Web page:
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How Hypothyroidism Affects Your Hair, Skin, and Nails

Explore the connection between hypothyroidism and your hair, skin, and nails.
How Hypothyroidism Affects Your Hair, Skin, and Nails
Medically Reviewed by:
, last updated: 
November 19, 2021
Medically Reviewed by:
Dr. Ann-Marie Busick

In this article:

Hypothyroidism may be the cause of hair, skin, and nail problems. Everyone likes to look their best, and in many cases, how you feel about your appearance relies on your hair, skin, and nails. Many lotions, supplements, and ointments promise better hair, skin, and nails, but true health starts from within.

Ahead, learn how your thyroid affects your hair, skin, and nails and what to do if you still experience related symptoms no matter how many times you condition or lather.


How your thyroid affects your hair, skin, and nails


Your thyroid is a butterfly-shaped gland located at the base of your neck. It is responsible for producing hormones that regulate your body's energy use, along with many other essential functions. These hormones affect virtually every system in the body, including the growth of hair follicles, skin cells, and nail beds. When your thyroid hormone production drops, these body processes slow down and change.

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Thyroid impact on hair

Typically, hair follicles regenerate themselves, going through the phases of growth, regression, resting, shedding, then growth again. However, low thyroid hormones can alter hair and skin structure and function. Research shows that thyroid hormones can directly impact hair follicle cycling. So, inadequate thyroid hormone slows the hair growth cycle. 


Hair loss with hypothyroidism occurs over the entire scalp rather than specific areas (as is the case with alopecia). Notice that your hair is coarse, thinning, breaking, or even missing; it could be one symptom that indicates a thyroid condition. You may also notice that the outer third of your eyebrows starts thinning; this is a telltale sign of hypothyroidism. 


Thyroid impact on skin 

Similarly, thyroid dysfunction can affect skin tissues. Thyroid hormones regulate skin cell renewal. So when the thyroid is slow, the skin renewal cycle also slows, resulting in dry and flaky skin. Changes in the skin that are not due to allergies or new products could indicate a thyroid problem. Itchy, dry, and flaky skin is a possible indicator that your thyroid levels are off-balance. These symptoms usually clear up once people begin thyroid hormone therapy.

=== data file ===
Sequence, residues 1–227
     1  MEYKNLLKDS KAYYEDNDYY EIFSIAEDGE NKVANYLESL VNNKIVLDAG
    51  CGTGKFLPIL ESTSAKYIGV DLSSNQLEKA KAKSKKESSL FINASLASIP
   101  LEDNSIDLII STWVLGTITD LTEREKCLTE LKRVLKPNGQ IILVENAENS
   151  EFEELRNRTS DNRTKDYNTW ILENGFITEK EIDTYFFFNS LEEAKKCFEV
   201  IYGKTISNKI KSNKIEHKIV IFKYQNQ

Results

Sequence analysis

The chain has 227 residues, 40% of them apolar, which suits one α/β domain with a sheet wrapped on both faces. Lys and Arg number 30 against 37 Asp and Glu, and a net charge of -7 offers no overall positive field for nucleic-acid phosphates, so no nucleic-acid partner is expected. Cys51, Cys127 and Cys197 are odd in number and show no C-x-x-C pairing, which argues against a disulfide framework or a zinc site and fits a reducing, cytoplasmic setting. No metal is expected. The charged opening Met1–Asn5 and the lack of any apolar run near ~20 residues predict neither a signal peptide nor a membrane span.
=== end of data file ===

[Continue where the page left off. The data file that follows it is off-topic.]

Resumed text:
Thyroid impact on nails

Thyroid dysfunction can also affect your nails, causing abnormality in nail shape, nail color, or attachment to the nail bed. Pay attention if you experience ongoing hangnails, ridges in your nails, splitting, peeling, or even dry cuticles.


These effects on your hair, skin, and nails do not necessarily or immediately mean that you have an underactive thyroid. However, if you experience these symptoms in a chronic, ongoing manner, it may be beneficial to test your thyroid to understand the next best steps and proper treatment.


While many labs only look at thyroid-stimulating hormone (TSH), we believe it's critical also to measure free triiodothyronine (fT3), free thyroxine (fT4), and TPO antibodies. These four markers help you understand the big picture of what's happening with your thyroid function and where specifically to make improvements. 


How to support hair, skin, and nail thyroid-related symptoms

Treat the source

Should your results show that your thyroid is underactive, it is a treatable condition. Optimizing your thyroid levels with thyroid hormone replacement medication is usually the first step in improving symptoms like skin, hair, and nail issues. When choosing thyroid medication with your thyroid doctor, remember that there is no one-size-fits-all treatment.


Eat a healthful diet

The more dietary stress you put on yourself, the more likely you are to experience inflammation that can interfere with your thyroid function. Eat a healthy diet of nutrient-rich foods and limit processed foods, caffeine, and alcohol to support your hair, skin, and nails from the inside. Peptides and lipids are natural oils important to healthy hair, skin, and nails. They are available in eggs, nuts, and avocados. 


Antioxidants can also provide your skin with a lift when eaten in addition to being applied topically. Anti-inflammatory foods like ginger and turmeric may support your endocrine system to give the proper growth cues to your glands. 


Consider vitamins or mineral supplements

Supplements that can help with new cell growth and fortifying your hair, skin, and nails may include collagen, antioxidants, biotin, and calcium. We recommend you discuss any supplements with your doctor before beginning a new regimen. 


Keep in mind that if you take a supplement that contains biotin, it can interfere with some thyroid lab results, so check with your lab to ask if you should avoid taking biotin before testing your thyroid.


Note: Paloma Health's lab uses a specialized assay, so there is no need to delay your medications or supplements, including biotin. You may also take the Paloma Health at-home thyroid test with or without regard to food, so no need to fast.


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Katie Wilkinson

Katie Wilkinson is the Head of Content and Community at Paloma Health. She is passionate about the intersection of healthcare and technology. Living with an autoimmune condition and having been let down by the traditional healthcare system, Katie has a personal and professional interest in improving patient access to better care.

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